My teaching consultancy on Tuesday night was mainly concerned with discussing where to go with a progressing practical karate school’s sparring programme. One point that should be remembered about karate training is that the original katas were based on the assumption that the Okinawan students would be coming from a grappling culture. This is one of the reasons why although there is grappling contained with the katas the emphasis was more placed on training to strike than the grappling aspects. My client wishes to include more varied forms of sparring earlier on in the syllabus and I see this point to be fair justification for some grappling-only forms of sparring being a part of regular training. This is a big change from the original syllabus where only those going for black belt would undertake a form of MMA sparring.
My advice for unarmed pressure training for practial karateka would be as follows:
Point and freestyle semi-contact “Sport Karate” sparring to only be taught as an optional extra if at all – these are modern innovations that have no direct relevance to karate’s objectives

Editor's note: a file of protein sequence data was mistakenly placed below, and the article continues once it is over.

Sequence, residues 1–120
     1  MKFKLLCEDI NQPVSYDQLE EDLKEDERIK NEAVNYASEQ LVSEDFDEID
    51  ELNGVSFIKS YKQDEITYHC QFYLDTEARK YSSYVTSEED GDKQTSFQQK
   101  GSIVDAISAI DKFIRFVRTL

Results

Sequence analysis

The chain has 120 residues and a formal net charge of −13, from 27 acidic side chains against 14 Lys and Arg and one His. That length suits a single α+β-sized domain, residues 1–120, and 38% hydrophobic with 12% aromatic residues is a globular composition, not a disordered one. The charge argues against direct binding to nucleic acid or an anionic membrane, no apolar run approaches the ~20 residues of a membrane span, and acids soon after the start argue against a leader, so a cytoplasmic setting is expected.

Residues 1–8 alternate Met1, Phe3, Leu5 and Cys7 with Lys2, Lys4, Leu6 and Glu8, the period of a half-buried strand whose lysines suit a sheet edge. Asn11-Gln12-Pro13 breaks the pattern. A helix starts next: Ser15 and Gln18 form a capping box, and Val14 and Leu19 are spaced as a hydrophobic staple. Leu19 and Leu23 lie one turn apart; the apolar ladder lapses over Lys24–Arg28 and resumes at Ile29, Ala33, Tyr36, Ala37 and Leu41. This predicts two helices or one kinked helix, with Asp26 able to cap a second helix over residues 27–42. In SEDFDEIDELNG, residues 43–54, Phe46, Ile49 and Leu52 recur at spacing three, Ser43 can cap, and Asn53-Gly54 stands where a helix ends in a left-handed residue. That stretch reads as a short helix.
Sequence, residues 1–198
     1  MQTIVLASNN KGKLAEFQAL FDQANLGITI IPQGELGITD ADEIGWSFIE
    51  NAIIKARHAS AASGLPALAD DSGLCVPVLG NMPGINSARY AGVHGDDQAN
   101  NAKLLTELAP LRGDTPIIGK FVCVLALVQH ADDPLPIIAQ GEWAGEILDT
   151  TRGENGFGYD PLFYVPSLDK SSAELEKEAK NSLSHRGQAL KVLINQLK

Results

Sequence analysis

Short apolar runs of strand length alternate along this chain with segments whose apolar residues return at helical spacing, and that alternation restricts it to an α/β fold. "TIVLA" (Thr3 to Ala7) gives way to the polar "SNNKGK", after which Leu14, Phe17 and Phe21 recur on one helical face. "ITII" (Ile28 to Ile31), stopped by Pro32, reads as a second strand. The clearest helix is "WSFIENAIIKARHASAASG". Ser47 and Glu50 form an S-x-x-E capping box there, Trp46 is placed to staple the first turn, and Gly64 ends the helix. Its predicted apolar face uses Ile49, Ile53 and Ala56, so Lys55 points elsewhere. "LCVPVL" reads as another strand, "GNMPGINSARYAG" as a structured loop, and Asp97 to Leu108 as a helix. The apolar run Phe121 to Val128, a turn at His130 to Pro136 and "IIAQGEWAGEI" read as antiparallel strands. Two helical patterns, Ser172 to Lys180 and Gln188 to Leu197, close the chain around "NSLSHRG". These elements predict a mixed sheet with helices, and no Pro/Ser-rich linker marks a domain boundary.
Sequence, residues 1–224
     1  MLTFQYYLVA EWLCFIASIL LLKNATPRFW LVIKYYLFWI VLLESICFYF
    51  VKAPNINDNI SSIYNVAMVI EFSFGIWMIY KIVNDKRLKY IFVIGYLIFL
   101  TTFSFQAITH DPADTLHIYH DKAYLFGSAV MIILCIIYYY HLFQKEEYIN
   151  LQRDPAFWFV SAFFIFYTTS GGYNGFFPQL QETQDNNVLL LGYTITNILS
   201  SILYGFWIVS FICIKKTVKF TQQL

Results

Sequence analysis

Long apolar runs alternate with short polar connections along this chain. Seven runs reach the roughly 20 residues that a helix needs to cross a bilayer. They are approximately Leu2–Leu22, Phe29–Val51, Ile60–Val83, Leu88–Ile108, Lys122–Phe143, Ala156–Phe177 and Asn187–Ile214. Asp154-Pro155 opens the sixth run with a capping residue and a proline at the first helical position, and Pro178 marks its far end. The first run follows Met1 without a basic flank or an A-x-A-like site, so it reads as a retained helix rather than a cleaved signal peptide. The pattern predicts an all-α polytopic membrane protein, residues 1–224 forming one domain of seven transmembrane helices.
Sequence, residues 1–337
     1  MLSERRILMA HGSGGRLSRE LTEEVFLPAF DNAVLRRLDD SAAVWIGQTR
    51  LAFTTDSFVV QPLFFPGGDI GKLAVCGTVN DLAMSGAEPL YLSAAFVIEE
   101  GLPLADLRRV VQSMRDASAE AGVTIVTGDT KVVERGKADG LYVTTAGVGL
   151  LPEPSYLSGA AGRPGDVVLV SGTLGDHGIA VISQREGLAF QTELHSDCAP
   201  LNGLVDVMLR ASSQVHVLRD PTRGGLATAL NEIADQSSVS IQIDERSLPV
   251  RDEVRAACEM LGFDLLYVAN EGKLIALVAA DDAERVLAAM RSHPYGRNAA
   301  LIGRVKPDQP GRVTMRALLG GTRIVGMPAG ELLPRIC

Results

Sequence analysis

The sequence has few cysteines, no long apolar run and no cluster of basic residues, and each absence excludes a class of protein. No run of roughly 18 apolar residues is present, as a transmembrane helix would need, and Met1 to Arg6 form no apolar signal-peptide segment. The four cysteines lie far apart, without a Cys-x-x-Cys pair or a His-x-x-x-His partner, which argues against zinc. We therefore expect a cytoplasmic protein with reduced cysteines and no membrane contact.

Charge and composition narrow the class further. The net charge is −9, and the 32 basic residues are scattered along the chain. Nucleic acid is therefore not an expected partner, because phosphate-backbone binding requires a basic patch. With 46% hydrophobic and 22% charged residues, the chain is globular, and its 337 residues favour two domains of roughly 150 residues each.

Kata-based sparring to be a priority – that is specific asymmetrical forms of sparring/pressure testing that reinforce the principles of katas and self-defence. See the works and teachings of Iain Abernethy.
Fighting – Boxing, Kickboxing, Wrestling, Submission Fighting and MMA forms of sparring to become regular forms of attribute training
My “Hierarchy of Training” essay, which is part of “Mordred’s Victory”, discusses setting up priorities for training. I place specific training at the top as this is where most of the learning is done. This type of training is minimalistic due to the objective being to get an individual out of danger quickly. Next I place attribute training because this gives us a sandbox to play in, a means for regular engagment and development of tools that are restricted in specific training. Although I give this a lower priority, this is an area we should probably train in more due to the dangers of the specific training creating its own institution. Finally, we have functional fitness or purpuseful auxillary training to build the raw materials needed to make the areas effective and efficient such as strength, cardiovascular and conditioning training.
It is important to state that I am not a karateka nor have I ever been a teacher of karate. My observations are made from decades of cross-training, researching and working with many top teachers in a variety of different disciplines.